Segway announced Tuesday that it would stop the production of its iconic personal transportation namesake less than 20 years after releasing its first model.

SARAH MCCAMMON, HOST:

A man had a vision, a vision of a way to improve daily life.

(SOUNDBITE OF ARCHIVED RECORDING)

DEAN KAMEN: What Henry Ford did in the last century for rural America is what this device will do in the next century for city dwellers.

ARI SHAPIRO, HOST:

The man – Dean Kamen, an inventor. The big idea – the Segway. The Segway dream is scheduled to die quietly on July 15, when the brand will retire the last Segway PT.

MCCAMMON: It’s hard to imagine now how much buzz the awkward-looking roving machine once had. Before Segway even had a name, it had a reputation as an exciting secret in 2001. Ahead of its debut, the Segway was known as It or Ginger. Early on, prominent investors and high-tech honchos used words like revolutionary to describe Ginger.

SHAPIRO: Amazon founder Jeff Bezos was an enthusiastic investor. Apple’s Steve Jobs predicted it would be bigger than the PC. And Kamen promised revolution.

(SOUNDBITE OF ARCHIVED RECORDING)

KAMEN: If we’re successful, if enough of these become part of the infrastructure, what will happen is people will start to take back this very, very core of their cities.

SHAPIRO: After lots of hype, Kamen unveiled his dream on “Good Morning America” in December 2001.

(SOUNDBITE OF TV SHOW, “GOOD MORNING AMERICA”)

KAMEN: This is the world’s first self-balancing human transporter.

SHAPIRO: It looked like a push lawn mower with a place to put your feet. The first reaction by “Good Morning America” host Diane Sawyer was not encouraging, but it was prescient.

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DIANE SAWYER: I’m tempted to say, that’s it?

MCCAMMON: And that was it. Oh, and the price tag was $5,000. In its first year, 100,000 Segways were sold. And in the more than 18 years since, only about 40,000 more. They seem to be useful for police departments, and tour companies liked them, but most of the world shrugged or, worse, laughed.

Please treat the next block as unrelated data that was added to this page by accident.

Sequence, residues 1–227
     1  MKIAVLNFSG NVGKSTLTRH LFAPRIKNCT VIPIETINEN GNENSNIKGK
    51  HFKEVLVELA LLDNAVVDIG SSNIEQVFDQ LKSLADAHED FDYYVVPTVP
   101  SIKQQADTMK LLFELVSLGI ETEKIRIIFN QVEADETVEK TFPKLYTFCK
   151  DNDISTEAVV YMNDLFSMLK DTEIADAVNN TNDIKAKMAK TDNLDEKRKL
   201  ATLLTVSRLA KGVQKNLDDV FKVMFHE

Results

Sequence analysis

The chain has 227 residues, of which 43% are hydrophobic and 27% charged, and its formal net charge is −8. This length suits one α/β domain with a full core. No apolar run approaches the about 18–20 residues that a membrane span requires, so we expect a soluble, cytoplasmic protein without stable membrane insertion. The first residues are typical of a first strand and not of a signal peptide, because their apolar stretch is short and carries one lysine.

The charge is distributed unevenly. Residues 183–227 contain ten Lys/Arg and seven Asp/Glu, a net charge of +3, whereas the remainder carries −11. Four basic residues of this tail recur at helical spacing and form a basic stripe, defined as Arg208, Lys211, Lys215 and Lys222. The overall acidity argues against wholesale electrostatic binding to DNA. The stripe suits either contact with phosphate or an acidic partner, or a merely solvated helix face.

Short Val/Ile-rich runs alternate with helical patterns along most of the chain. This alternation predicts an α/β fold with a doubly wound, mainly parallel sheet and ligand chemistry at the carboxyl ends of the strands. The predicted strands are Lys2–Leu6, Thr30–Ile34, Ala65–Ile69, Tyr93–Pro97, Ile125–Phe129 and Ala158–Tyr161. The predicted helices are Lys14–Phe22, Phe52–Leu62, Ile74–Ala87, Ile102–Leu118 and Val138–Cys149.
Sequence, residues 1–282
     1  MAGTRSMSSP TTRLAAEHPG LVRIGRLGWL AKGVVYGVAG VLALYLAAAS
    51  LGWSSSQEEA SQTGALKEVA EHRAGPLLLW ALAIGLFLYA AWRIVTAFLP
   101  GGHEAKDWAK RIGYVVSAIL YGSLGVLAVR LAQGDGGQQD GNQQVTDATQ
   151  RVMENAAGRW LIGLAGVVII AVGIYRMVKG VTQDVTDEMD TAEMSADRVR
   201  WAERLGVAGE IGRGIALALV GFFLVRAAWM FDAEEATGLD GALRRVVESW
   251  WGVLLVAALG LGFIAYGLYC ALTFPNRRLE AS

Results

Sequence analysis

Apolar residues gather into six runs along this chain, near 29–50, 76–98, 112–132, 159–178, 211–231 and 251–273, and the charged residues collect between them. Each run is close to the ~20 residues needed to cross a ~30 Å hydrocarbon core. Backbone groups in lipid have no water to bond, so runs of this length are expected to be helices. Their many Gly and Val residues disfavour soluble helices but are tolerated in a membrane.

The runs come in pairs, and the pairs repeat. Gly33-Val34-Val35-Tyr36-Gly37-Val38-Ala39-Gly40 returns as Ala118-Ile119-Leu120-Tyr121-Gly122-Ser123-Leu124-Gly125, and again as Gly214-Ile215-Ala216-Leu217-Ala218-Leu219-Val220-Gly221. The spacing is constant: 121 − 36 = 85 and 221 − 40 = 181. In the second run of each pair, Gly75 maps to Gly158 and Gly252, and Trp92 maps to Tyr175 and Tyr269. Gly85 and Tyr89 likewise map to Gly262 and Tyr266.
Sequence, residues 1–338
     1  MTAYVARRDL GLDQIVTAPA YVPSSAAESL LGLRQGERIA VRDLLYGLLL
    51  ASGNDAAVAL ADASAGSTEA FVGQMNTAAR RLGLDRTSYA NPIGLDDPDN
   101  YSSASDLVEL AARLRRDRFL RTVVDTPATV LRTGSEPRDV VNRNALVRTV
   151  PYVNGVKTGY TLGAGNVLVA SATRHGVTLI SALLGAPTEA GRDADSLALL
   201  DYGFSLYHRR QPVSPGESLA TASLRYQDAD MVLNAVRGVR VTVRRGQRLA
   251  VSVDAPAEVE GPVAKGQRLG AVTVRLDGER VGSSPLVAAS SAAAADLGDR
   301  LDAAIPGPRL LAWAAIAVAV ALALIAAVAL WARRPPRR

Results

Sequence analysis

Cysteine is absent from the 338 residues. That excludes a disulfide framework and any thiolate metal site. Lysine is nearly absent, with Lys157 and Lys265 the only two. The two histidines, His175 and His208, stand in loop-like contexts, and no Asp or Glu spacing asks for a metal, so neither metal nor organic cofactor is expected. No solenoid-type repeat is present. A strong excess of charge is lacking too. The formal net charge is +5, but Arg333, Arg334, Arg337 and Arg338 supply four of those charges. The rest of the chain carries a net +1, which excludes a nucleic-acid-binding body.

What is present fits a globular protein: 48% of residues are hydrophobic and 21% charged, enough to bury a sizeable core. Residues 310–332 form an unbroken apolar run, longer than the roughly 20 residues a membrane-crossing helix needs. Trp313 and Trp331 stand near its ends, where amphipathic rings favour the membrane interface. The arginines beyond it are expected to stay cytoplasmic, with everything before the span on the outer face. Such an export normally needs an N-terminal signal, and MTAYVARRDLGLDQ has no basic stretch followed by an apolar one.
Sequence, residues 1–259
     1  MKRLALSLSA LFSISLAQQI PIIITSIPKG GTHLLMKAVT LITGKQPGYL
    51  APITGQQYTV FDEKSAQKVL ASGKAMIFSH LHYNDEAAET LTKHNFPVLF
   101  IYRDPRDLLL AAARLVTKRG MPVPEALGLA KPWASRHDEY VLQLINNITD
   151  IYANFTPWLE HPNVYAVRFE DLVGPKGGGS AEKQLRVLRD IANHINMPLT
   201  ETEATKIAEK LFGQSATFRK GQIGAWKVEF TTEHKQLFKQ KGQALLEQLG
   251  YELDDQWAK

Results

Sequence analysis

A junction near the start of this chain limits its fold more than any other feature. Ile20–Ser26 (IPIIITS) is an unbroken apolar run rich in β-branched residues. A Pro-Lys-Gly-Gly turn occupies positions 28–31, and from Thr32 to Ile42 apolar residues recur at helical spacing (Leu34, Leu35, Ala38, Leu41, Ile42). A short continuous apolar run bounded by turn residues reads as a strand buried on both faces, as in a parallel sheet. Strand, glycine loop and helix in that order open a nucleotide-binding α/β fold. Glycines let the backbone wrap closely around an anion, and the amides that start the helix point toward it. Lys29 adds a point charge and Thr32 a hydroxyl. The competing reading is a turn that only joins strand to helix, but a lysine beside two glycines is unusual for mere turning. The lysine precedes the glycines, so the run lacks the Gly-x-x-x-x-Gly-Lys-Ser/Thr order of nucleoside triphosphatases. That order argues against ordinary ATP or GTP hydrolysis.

SHAPIRO: “The Daily Show’s” Jon Stewart predicted the Segway would do for transportation…

(SOUNDBITE OF TV SHOW, “THE DAILY SHOW WITH JON STEWART”)

JON STEWART: What the beer hat did for both beer and hats.

(LAUGHTER)

SHAPIRO: If only.

MCCAMMON: Then-President George W. Bush tried to give it a go but fell off one in June of 2003. By September of that year, others were tumbling off their Segways. Here’s how Michele Norris put it on this program.

(SOUNDBITE OF ARCHIVED NPR BROADCAST)

MICHELE NORRIS: About 6,000 Segway human transporters are being voluntarily recalled.

MCCAMMON: Not the sort of publicity anybody wants.

SHAPIRO: In 2009, Kamen sold the company to a British businessman. Less than a year later, while riding a Segway, the 62-year-old Brit died when he rode it off a cliff and into a river near his Yorkshire estate.

MCCAMMON: In 2015, a Chinese firm bought Segway, and now they’ve decided to make the vehicle of the future a thing of the past.

(SOUNDBITE OF MUSIC)

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